One concern is that each hospitals or health systems usually have sizable influence in a particular community or state, particularly if they are the area's main health care provider. Another factor: If they are the only facility on the market area to offer a particularly complex service, like neonatal intensive care or specialized cardiac care, they have an upper hand in negotiating the high cost. In those situations, even if a company is made aware that Medicare pays less, it doesn't necessarily be capable of negotiate a cheaper price ..
“Employers and health plans in many cases are actually at the mercy of big, must-have systems. If you cannot legitimately threaten to chop a provider or system from the network, it's game over,” said Chapin White, a Rand policy researcher and Whaley's co-author. “That's when you come up against the bounds of market-based approach.”
It wasn't always this way, said Gerard Anderson, a Johns Hopkins health policy professor and expert in hospital pricing, who was also not associated with the research. Anderson began comparing Medicare prices to that of private insurance in the 1990s, once they paid virtually the same amount for individual services.
Since then, private health plans have forfeit the ability to negotiate at this same level, in part because many hospital systems have merged, giving the hospitals greater leverage. “Most large, self-insured corporations don't have the market power in their communities to take on the hospitals even if they wanted to do so,” Anderson said.
The RAND findings come as Democrats campaigning for 2021 are reopening the care reform debate. Single-payer advocates argue, among other points, that covering everyone via a Medicare-like system could bring affordable prices and increase efficiency to the remaining country, or at least give the government leverage to barter a better price.
That's certainly possible, but it isn't guaranteed. Under single-payer, Anderson said, the challenge would be to make sure Medicare doesn't simply wind up paying more, or that cuts aren't so dramatic that hospitals and doctors close shop.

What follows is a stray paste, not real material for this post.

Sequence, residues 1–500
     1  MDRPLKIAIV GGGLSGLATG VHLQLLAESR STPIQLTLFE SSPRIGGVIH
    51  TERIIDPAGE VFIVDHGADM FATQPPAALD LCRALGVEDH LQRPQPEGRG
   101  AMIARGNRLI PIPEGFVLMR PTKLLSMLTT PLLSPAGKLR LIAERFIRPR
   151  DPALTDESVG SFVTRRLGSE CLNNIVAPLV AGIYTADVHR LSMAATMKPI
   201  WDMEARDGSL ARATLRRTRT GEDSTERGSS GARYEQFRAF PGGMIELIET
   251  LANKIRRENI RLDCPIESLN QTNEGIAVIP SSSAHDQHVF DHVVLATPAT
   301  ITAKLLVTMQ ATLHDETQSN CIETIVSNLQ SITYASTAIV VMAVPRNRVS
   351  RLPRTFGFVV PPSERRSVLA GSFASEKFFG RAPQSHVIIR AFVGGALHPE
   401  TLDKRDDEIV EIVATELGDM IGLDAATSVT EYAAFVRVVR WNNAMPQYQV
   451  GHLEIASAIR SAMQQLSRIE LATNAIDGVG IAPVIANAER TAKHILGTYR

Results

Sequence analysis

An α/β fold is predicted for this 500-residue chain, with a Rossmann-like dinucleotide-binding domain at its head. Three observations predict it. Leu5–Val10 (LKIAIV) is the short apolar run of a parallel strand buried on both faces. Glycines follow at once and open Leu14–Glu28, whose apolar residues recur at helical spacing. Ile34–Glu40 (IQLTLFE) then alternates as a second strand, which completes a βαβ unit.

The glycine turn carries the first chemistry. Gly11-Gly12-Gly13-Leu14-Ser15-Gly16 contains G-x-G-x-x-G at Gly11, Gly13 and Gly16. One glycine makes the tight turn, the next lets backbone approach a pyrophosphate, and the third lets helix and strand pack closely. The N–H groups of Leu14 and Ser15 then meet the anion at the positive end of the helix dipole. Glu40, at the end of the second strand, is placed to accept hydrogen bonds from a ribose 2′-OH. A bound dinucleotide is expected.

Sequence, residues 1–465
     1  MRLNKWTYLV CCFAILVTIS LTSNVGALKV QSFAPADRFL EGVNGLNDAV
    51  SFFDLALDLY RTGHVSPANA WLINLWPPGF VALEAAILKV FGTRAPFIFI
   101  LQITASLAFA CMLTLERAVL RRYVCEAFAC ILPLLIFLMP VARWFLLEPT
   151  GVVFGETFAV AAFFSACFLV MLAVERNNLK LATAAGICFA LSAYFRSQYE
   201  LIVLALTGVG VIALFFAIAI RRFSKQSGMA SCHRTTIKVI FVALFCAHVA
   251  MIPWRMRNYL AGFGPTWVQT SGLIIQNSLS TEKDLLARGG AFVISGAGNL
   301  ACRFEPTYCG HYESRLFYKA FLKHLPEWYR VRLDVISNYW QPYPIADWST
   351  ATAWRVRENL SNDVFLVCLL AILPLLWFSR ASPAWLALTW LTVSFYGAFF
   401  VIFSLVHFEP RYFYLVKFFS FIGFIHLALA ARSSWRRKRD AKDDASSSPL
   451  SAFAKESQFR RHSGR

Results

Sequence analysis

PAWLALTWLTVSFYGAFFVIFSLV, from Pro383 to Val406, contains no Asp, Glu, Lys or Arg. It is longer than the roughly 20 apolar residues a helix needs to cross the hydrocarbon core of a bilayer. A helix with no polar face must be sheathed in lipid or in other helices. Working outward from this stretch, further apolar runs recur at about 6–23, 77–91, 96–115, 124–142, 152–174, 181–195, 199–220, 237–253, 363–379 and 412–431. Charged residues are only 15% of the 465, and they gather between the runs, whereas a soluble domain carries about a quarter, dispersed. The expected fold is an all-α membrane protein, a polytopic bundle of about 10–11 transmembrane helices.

And there's the political calculus, Ginsburg of Brookings noted. Hospitals, doctors along with other health care industries are all influential lobbies and may successfully defend against any efforts to reduce prices.
“It's think about have regulatory charge of prices. It's another to create them low enough compare unique car features,” he said.
Other strategies, such as a “public option” – which would allow individuals to opt right into a government-provided plan but preserve multiple healthcare payers – may also really make a difference, he said. Lawmakers around the state or federal level could limit what hospitals can charge for certain medical services, as Maryland does.
Some states have taken smaller-scale approaches, too, by tying their payment rates to a number of Medicare, rather than negotiating situational. In Montana, state employees get coverage that pays about 230% of the Medicare rate typically – an arrangement that saved their state more than $15 million over 2 yrs.
For its part, the American Hospital Association, an industry trade group, suggests the importance of decreasing the cost of prescription drugs or reducing overuse, among other things.
Policy fixes are debatable, White said. But the data makes one point clear: From an efficiency standpoint, the current system isn't working.
“There are at this time the key negotiations between health plans and hospitals,” and the system is “dysfunctional,” he said.